A research team has developed a blood test that leverages the body’s immune response system to detect an early stage of Alzheimer’s disease – referred to as the mild cognitive impairment (MCI) stage – with high accuracy. In a proof-of-concept study involving 236 subjects, the test demonstrated an overall accuracy, sensitivity and specificity rate of 100 percent in identifying subjects whose MCI was actually caused by an early stage of Alzheimer’s disease.
The team was led by Dr. Robert Nagele from the Rowan University School of Osteopathic Medicine along with Durin Technologies, Inc.
“About 60 percent of all MCI patients have MCI caused by an early stage of Alzheimer’s disease,” Cassandra DeMarshall, the study’s lead author, and a PhD candidate at the Rowan Graduate School of Biomedical Sciences, commented. “The remaining 40 percent of cases are caused by other factors, including vascular issues, drug side-effects and depression. To provide proper care, physicians need to know which cases of MCI are due to early Alzheimer’s and which are not.”
She aded that the findings could eventually lead to the development of a simple, inexpensive and relatively noninvasive way to diagnose thedisease in its earliest stages.
The researchers presented their results in an article published in Alzheimer’s & Dementia: Diagnosis, Assessment & Disease Monitoring that also reported the test’s ability to accurately “stage the disease,” meaning it can distinguish early-stage Alzheimer’s at MCI from later, more advanced stages. The test was also disease-specific. It readily distinguished early Alzheimer’s at the MCI stage from other diseases including Parkinson’s disease, multiple sclerosis, and early stage breast cancer.
For the study, the Rowan University researchers analyzed blood samples from 236 subjects, including 50 MCI subjects with low levels of amyloid-beta 42 peptide in their cerebrospinal fluid. The latter is a reliable indicator of ongoing Alzheimer’s pathology in the brain and predicts a likely rapid progression to Alzheimer’s.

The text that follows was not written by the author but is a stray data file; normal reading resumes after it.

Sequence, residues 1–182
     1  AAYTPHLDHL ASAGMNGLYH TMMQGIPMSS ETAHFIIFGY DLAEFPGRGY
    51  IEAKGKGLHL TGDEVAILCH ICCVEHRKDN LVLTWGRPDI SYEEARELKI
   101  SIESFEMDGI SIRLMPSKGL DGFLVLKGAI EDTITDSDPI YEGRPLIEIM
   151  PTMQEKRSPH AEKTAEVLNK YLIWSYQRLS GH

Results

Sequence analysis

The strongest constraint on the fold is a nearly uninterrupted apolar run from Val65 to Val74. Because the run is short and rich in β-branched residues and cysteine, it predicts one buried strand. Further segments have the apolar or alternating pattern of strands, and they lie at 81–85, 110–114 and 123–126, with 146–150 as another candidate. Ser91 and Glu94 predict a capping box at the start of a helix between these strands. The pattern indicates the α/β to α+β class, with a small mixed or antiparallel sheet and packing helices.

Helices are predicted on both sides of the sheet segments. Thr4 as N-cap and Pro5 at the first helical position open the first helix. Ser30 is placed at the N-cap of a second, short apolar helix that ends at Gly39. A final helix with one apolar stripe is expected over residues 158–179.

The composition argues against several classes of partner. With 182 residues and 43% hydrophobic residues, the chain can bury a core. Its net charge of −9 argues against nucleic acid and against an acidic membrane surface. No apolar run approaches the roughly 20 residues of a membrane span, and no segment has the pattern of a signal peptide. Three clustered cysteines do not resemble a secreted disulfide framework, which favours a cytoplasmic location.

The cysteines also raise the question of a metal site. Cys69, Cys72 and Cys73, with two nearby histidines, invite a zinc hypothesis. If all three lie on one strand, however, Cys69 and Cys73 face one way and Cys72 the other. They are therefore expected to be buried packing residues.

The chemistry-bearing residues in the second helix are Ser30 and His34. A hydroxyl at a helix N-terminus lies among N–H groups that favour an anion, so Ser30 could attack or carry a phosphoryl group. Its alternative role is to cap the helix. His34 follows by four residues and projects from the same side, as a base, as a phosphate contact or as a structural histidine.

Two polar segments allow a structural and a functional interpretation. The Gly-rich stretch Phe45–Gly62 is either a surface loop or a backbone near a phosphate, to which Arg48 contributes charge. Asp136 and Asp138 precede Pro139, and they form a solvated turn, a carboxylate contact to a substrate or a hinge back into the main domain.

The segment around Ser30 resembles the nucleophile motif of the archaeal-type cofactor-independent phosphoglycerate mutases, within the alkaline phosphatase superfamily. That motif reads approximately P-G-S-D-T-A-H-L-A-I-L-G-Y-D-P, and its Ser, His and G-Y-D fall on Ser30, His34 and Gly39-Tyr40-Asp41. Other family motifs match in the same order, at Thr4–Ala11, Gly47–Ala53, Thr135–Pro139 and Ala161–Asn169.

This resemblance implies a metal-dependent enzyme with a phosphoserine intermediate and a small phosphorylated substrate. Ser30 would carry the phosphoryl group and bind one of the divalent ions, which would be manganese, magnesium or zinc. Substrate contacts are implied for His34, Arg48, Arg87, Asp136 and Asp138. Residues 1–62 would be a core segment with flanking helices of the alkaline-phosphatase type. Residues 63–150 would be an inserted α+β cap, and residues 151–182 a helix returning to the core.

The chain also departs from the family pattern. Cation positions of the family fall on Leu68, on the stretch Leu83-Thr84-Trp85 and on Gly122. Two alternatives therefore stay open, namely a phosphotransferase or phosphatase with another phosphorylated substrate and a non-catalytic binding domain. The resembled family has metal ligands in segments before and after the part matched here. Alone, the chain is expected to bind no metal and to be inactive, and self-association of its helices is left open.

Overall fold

Employing human protein microarrays, each containing 9,486 unique human proteins that are used as bait to attract blood-borne autoantibodies, the researchers identified the top 50 autoantibody biomarkers capable of detecting ongoing early-stage Alzheimer’s pathology in patients with MCI. In multiple tests, the 50 biomarkers were 100 percent accurate in distinguishing patients with MCI due to Alzheimer’s from healthy age- and gender-matched controls.
Further testing of the selected MCI biomarker panel demonstrated similar high overall accuracy rates in differentiating patients with early Alzheimer’s at the MCI stage from those with more advance, mild-moderate Alzheimer’s (98.7 percent), early-stage Parkinson’s disease (98.0 percent), multiple sclerosis (100 percent) and breast cancer (100 percent), the research team reported.
In their report, the researchers acknowledge that the utility of their MCI biomarker panel as a blood test for early detection of Alzheimer’s disease will hinge on a successful larger replication study using an independent patient cohort.
However, they also point out that, because this blood-based diagnostic strategy is dependent on the presence of Alzheimer’s pathology which can be underway many years before symptoms emerge, the approach could open the door to even earlier pre-symptomatic detection of Alzheimer’s disease.